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 Texas : Features : Columns : Letters From North America :
Texas Hotel& B&Bs | Hotels | Cars | Air | Cruises | Vacation Rentals

Vacation Homes

by Peary Perry
Peary Perry
Last week the editor of our local paper wrote an article about his experiences with a vacation home and a boat.

I am always amazed to learn that others of my age have had almost the same experiences as I have. I donít know what to call this, maturity or stupidity, but surely there must be a name for it. I cannot tell you how many times I have engaged someone of my age in a conversation only to learn that they have had similar learning experiences.

Letís tackle these one at a time.

First off, you may be different and you may want to experience the joys of owning a second home or vacation getaway, so donít read any further. Go to the comics or somewhere else, because you wonít like what Iím about to tell you. My advice to you is this: donít do it.

Very simple, donít do it. Rent a place, lease a place, but donít own one. Once you take into consideration the cost of travel there and back, the price of the property itself, the upkeep, the insurance, the utilities, the taxes and then divide them into the number of times you actually stay there, you will be disappointed. The electricity has to stay on whether you are there or not. The insurance is there 24 hours a day even though you arenít. The grass grows and the weeds sprout just like at home, but you arenít there.

Now, this scenario doesnít apply to the super richÖ they have people to take care of all of these things; all you have to do is arrive. Everything else is taken care of. Unfortunately I donít fit into that category. One of the biggest problems with owning more than one house is mustard. You can never remember if you have a bottle at home or at the vacation place, so you always buy another jar. Then you arrive and find you have done this twelve times in the past and now have thirteen jars of mustard at the lake and none at home. Of course, it would make sense to take some back with you, but you are too busy trying to make certain the coffeepot is turned off, the fireplace is cold and your clothes are packed to remember the mustard. It isnít until you get home that night that you think about it while trying to make yourself a cold meatloaf sandwich. Another day in paradise. Add all of this Ďfuní up and then look at what you can spend on a cruise or a resort where everything is provided. Trust me on this one.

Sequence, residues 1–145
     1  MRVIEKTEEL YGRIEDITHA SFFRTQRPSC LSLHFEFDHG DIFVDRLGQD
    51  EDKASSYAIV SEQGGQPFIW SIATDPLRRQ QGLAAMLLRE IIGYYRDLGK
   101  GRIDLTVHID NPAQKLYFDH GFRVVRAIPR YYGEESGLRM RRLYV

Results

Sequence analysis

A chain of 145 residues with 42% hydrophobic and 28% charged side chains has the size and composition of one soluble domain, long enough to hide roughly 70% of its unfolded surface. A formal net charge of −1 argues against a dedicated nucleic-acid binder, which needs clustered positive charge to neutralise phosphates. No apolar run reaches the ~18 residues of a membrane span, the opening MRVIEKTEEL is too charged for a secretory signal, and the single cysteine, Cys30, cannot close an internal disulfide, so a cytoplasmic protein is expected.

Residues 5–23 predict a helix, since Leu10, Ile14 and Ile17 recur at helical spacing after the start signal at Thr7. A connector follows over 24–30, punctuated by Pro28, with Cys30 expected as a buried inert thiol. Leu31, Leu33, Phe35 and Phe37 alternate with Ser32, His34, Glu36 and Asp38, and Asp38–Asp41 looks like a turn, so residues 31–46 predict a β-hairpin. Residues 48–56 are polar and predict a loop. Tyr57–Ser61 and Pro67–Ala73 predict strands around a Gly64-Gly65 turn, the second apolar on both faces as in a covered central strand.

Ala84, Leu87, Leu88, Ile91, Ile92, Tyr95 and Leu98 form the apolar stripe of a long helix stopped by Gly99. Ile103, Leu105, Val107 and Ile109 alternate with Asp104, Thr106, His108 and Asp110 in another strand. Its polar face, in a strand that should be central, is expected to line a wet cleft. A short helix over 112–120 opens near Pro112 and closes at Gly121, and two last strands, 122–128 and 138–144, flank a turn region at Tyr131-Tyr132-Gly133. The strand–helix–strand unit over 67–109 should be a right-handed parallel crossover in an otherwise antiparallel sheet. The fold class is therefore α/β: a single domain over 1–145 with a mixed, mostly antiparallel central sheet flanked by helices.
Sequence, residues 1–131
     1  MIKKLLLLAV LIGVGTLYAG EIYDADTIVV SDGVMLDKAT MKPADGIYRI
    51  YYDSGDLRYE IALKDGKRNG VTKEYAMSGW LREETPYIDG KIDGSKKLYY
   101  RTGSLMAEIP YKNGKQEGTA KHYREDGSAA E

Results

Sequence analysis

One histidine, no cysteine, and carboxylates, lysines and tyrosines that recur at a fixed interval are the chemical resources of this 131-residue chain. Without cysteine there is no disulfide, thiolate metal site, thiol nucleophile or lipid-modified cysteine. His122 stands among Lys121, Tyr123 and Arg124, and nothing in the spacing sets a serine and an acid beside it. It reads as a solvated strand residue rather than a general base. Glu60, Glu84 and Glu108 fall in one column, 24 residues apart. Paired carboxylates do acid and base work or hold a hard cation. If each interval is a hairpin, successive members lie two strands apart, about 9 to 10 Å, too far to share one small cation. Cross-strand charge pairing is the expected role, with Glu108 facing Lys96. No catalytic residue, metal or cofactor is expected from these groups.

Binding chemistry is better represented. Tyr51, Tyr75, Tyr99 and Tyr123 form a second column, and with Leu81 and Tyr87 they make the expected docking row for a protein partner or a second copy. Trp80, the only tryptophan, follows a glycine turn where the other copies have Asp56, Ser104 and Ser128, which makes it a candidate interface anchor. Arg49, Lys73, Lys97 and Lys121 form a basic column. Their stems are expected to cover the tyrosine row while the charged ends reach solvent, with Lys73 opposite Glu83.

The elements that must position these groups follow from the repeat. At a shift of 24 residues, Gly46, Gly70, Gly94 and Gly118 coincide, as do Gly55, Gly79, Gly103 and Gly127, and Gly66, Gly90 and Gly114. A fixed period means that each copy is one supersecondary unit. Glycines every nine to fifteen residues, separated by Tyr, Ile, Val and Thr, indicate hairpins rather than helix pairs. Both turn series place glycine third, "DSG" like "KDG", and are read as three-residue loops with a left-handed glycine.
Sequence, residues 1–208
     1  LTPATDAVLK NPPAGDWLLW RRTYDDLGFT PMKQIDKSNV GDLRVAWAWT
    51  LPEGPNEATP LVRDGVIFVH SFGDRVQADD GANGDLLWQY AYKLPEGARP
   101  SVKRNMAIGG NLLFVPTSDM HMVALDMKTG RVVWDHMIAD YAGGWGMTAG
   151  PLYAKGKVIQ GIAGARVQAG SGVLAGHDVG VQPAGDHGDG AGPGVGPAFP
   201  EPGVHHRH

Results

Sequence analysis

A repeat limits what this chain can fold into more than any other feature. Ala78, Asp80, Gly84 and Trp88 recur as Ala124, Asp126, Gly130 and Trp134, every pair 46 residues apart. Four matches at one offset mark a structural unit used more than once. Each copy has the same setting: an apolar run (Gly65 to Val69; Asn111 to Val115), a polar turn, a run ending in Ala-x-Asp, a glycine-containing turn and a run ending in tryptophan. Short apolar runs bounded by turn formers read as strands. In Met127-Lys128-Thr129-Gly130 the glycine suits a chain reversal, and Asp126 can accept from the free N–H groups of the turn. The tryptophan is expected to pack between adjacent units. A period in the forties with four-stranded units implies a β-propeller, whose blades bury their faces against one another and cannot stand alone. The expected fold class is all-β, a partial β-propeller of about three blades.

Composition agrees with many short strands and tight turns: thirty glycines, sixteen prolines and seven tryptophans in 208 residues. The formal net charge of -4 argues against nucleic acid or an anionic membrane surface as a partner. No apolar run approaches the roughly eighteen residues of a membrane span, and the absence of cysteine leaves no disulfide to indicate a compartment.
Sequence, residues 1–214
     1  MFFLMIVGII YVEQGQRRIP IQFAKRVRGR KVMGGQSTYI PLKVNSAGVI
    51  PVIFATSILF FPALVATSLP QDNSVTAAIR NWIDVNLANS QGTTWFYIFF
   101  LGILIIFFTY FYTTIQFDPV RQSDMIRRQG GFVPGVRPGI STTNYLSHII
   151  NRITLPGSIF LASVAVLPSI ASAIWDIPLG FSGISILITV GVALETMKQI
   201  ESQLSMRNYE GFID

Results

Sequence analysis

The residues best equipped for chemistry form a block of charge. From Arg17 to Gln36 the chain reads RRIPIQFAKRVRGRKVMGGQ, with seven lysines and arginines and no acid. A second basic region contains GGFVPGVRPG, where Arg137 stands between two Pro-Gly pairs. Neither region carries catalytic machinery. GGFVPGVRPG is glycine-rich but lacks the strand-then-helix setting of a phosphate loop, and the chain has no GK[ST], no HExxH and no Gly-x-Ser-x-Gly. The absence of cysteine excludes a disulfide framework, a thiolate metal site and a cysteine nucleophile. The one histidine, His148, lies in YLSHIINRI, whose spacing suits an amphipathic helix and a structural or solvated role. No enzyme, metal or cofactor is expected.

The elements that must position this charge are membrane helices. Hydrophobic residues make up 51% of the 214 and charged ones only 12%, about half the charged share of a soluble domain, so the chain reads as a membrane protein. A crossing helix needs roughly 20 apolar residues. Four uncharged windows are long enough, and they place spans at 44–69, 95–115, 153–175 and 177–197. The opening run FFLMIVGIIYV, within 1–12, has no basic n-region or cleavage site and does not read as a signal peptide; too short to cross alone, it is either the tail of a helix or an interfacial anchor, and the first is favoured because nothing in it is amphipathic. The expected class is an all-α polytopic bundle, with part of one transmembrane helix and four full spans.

The next item is the boat. Remember the two best days of a boat ownerís life are the day you buy the boat and the day you sell the boat. As stated above, you have the cost of the boat, insurance, dock fees, upkeep, replacing lost and stolen stuff that you have to have divided by the number of times you actually spend on the boat. Here again, you will be amazed at how much it costs just to keep something in the water that you might use 8-10 times each year. You can rent one and have lots of money left over.

I know, you are thinking youíll make money since you can rent your house or your boat to someone when you arenít using it. Ask around; find someone who has actually made money this way. I havenít found anyone yet, and Iím still looking. Your rental fees always seem to get eaten up by some unforeseen cost of some kind or another. If you happen to scamper and not have to contribute to the care and upkeep of your house or boat, then Iíd consider you to be very fortunate.

Years ago, we had a freezer go out and all of the deer meat, doves and quail I had frozen spoiled in the process. The insurance people wanted to know the replacement cost. I added up the cost of the trip, travel, guides and other stuff that you need to hunt. Then I divided by the total weight to come up with my figure. They didnít pay this of course, but it made me realize how expensive venison chili and those little bacon wrapped dove breasts cost.

Anyway, the point isÖ. think before you buy. You can always rent.

By the way, the Girl Scouts are out in force selling cookies. I donít need them. Iím wearing some from last year. I passed one of their little tables the other day and gave them some money, didnít want the cookies. They told me that all cash donations are used to buy cookies for the troops overseas. Thought youíd want to know.


© Peary Perry
Letters From North America
- January 25, 2006 column
Syndicated weekly in 80 newspapers
Comments go to pperry@austin.rr.com
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